My father owned his guns for this:
time in a Pocono meadow, his empty Coke cans
on a saw horse, we three kids beside him, grass
ebbing at our legs, admiring his aim.
That day, I held a rifle, eager to slap
a hole onto aluminum. But Dad fired first.
Drilled into metal. Then he helped me
steady the barrel, showing me how to peer
through the sights, as if through a keyhole,
and point at my target. I missed, plunging
lead into the oak tree in the distance. Again
and again. Shaking the leaves like raccoons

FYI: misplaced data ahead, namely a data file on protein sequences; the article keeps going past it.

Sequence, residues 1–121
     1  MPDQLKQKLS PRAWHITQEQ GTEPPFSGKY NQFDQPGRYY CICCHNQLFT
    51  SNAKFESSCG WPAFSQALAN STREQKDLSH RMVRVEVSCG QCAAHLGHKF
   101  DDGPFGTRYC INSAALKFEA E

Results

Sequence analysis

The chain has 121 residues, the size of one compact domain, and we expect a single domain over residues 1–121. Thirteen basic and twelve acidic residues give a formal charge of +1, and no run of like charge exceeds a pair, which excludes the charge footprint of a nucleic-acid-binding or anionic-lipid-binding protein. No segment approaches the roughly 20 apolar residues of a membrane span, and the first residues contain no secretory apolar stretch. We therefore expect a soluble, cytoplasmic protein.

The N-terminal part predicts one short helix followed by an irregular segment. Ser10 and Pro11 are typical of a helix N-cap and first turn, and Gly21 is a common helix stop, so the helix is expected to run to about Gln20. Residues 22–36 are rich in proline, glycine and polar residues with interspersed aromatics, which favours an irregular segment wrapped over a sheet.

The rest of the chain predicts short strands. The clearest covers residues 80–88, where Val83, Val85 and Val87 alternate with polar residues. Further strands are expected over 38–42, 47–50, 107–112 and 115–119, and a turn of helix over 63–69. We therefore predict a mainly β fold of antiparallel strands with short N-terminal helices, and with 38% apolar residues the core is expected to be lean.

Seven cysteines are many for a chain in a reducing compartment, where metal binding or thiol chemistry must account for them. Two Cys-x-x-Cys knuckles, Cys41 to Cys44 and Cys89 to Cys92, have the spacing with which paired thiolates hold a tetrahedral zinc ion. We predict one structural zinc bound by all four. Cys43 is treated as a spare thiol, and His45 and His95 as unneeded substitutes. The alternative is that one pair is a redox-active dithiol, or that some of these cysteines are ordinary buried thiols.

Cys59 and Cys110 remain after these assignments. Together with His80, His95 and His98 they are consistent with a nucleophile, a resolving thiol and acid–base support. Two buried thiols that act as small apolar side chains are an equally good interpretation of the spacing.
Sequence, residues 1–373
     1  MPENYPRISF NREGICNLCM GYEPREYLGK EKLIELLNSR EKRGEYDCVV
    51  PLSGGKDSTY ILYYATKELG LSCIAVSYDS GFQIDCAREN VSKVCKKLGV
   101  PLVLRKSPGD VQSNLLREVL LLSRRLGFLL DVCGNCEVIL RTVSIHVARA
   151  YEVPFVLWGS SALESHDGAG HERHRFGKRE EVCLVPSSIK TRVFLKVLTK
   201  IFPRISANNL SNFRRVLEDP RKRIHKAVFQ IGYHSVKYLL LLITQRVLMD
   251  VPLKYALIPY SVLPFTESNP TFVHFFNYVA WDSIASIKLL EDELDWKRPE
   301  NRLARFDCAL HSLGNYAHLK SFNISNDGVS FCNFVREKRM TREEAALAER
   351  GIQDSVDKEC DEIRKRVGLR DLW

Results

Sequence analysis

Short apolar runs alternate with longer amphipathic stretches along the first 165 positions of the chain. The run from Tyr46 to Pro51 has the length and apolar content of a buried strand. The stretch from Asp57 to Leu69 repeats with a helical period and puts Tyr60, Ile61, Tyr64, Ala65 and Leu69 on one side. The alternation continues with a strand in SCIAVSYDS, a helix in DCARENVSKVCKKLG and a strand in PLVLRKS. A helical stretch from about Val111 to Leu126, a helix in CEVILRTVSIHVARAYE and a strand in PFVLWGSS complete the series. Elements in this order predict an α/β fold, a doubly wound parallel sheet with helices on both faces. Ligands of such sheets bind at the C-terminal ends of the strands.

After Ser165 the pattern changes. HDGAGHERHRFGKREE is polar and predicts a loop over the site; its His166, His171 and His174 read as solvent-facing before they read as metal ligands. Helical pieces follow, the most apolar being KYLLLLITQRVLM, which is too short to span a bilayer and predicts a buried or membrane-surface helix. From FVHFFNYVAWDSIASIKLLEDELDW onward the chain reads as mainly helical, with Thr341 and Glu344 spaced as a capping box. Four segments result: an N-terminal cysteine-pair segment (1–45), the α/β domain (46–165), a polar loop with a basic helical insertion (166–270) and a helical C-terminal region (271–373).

rattling branches. Dad said maybe he was getting
in the way. Told me to try it by myself. So I knelt,
leveled the long black shaft as tassels of grass
lapped my hands. Squeezed the trigger.
And dropped. Heard nothing but sirens
squealing in my head. Couldnít hear my dad calling
my name or my brother and sister shouting.
Just saw mouths moving above me
as I sank beneath the green sea,
pressing my ears as if the ringing were water
pouring in. I thought Iíd never hear again.
They thought much worse.
But it was just ten minutes of deafness.
Ten minutes of the world drowned out
by the noise inside my head. And when the din
diminished, when I answered, finally, Iím OK,
we laid our weapons down, picked up brass
casings from the ground. And a meadowlark plunged
into the grass, its yellow flute deep within
whistling after us as we left.